Healed of Christmases Past–the cure is in plain view

Here is my December column for the Catholic Free Press.

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It’s here. The Christmas season. How does this make you feel?

Is it excitement as in days of old when you were a child?

Or, is it long to-do lists that never end? Shopping till we drop? Noise and chaos and endless obligations that make us tired and cranky while all the while we are told to be “merry?”

Is it dread, trying to stretch limited financial resources to fulfill gift obligations? Is it regret, frustration and guilt that we cannot buy what we wish for our loved ones?

Is it loneliness? Are we missing someone, loved ones who have died or moved away? Do we feel empty, sad or bitter?

Miguel Fraga, Flickr Creative Commons
Miguel Fraga, Flickr Creative Commons

The Christmas season evokes powerful memories and emotions, magnifying every joy as well as all the hurt, disappointment and loss we have experienced in our lives. Our reaction to any unattended and festering wounds will be visited upon everyone around us, especially those we love.

Tucked away in the midst of all this is a liturgical season often overlooked: Advent. It is the antithesis of a chaotic, noisy commercial Christmas; a soothing and sanguine contrast to a season clouded by wounds and losses. Advent does not look mournfully to the past; it draws our attention to a hopeful future while being firmly rooted in the here and now.

Jorbasa Fotografie 4. Advent 2011, Flickr Creative Commons
Jorbasa Fotografie 4. Advent 2011, Flickr Creative Commons

Advent features the key players of our faith: Mary, Joseph and of course, Jesus Christ. It features some of the most moving and poetic passages from the Bible–prophesies of old heralding the coming of the Messiah as the shoot of Jesse, filled with the Spirit of wisdom and understanding, counsel and of strength, knowledge and fear of the Lord (from Isaiah 11).

Barta IV Jesus Joseph Mary, Flickr Creative Commons
Barta IV Jesus Joseph Mary, Flickr Creative Commons

It documents the greatest act of obedience in history when a young virgin accepts the invitation from God to bear his Son. That obedience is not an onerous “do not” but a joyful “I do!” as evidenced by Mary’s rushing to the side of her kinswoman Elizabeth (thought barren yet pregnant) and spontaneously praising God with her and the babes in their wombs in the exquisite prayer of the Magnificat.

It illustrates sublime acts of trust, surrender, generosity and courage in Joseph who fully embraces the responsibility of taking Mary to be his wife despite the fact that she is carrying a child not his own. Going against the grain of longstanding tradition and enduring the naysayers, he knows there is a bigger picture to consider: Mary’s child is God’s Son. And he makes room for them.

So how does all of this help to sooth frazzled nerves, heal the wounds of Christmases past and fill empty and grieving hearts?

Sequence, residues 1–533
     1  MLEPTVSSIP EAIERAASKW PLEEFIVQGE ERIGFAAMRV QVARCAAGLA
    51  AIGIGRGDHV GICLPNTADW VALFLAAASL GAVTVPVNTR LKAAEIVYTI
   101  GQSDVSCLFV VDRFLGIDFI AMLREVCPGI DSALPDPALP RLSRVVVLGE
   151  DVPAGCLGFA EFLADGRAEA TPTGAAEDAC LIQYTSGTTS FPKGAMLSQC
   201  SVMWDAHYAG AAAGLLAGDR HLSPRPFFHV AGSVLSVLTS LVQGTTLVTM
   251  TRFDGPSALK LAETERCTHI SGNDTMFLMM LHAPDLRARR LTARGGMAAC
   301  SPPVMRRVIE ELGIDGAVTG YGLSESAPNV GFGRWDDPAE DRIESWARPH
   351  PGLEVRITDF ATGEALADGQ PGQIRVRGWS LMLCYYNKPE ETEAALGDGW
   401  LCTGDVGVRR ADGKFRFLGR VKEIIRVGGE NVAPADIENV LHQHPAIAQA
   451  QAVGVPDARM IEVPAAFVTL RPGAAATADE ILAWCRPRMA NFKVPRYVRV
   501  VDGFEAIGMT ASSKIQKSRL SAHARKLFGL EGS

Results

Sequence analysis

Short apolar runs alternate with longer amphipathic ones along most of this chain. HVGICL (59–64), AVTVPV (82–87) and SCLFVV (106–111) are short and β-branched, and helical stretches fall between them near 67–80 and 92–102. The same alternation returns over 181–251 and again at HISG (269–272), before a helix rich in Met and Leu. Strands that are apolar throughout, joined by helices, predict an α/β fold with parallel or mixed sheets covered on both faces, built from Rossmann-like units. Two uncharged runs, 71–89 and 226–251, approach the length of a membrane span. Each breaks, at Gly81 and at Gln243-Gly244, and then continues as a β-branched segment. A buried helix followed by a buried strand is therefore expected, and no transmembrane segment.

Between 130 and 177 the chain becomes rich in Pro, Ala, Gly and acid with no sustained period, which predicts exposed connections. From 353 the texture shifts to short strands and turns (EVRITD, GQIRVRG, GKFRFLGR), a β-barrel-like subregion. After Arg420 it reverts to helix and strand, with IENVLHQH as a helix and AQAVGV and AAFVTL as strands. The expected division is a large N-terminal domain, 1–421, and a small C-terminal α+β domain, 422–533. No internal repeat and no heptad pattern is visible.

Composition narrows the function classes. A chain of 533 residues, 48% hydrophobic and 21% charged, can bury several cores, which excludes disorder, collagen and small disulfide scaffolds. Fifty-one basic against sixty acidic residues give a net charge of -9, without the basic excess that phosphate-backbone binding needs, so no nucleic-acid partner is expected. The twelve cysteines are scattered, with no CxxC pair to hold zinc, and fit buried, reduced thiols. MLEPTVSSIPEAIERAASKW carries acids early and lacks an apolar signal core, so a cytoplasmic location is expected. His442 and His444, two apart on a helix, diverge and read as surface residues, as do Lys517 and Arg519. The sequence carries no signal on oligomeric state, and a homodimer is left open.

I can’t say how specifically. I only know that each year as I focus on Advent and turn away from a commercial Christmas, I have felt that soothing, that healing. My empty heart is filled.

I still grieve for loved ones. I still struggle with squeezing out the last dollar. I still battle with a heart that is small (although it is growing). I only know that the other day when I went to the Christmas Tree shop to finish off a gift basket for church, I felt serene, even enjoying the experience. To me, the Christmas Tree shop is the quintessential representation of a frazzled, noisy, chaotic commercial Christmas. And yet I felt deep contentment.

It’s the fruit of Advents past, reflecting on the readings, listening to the music, and looking to Mary and Joseph as the examples. Philippians 4:8 sums it up perfectly: “Finally, brothers and sisters, whatever is true, whatever is noble, whatever is right, whatever is pure, whatever is lovely, whatever is admirable–if anything is excellent or praiseworthy–think about such things.” (NIV)

Immersion into the refuge of Advent has healed my Christmas.

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Diving deep into River of Grace with Elizabeth Reardon, host of “An Engaging Faith”

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In this in-depth hour-long interview: we dive deep into River of Grace – gratitude in the midst of difficult times – obedience as a joyful “yes” to new adventures, new life after loss and restoring the joy of living, life metaphors for grace … Also, a quick sneak peak at Louisa May Alcott: Illuminated by The Message! Elizabeth Reardon really did her homework! Check it out.

Visit An Engaging Faith on Facebook.

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Find Susan’s books here on AmazonPurchase Susan’s CD.

Life restored after a season of loss: “River of Grace: Creative Passages Through Difficult Times” in word and song

This past Wednesday was a BIG day. This arrived in the mail …

river of grace books-640

cover front only for webBut that was not all. I also got the final mix of my soundtrack CD for River of Grace from the producer. And I have to say he really outdid himself. I sent him a text back with 7 hearts – one for each song!

It was one of those rare, extraordinary days that sends you into orbit and you just want to cling to that feeling forever. I will write about it in my journal so I can go back and bathe in that grace, that pure gift from God whenever discouragement knocks on my door.

Now, I would like to share what God gave to me with you.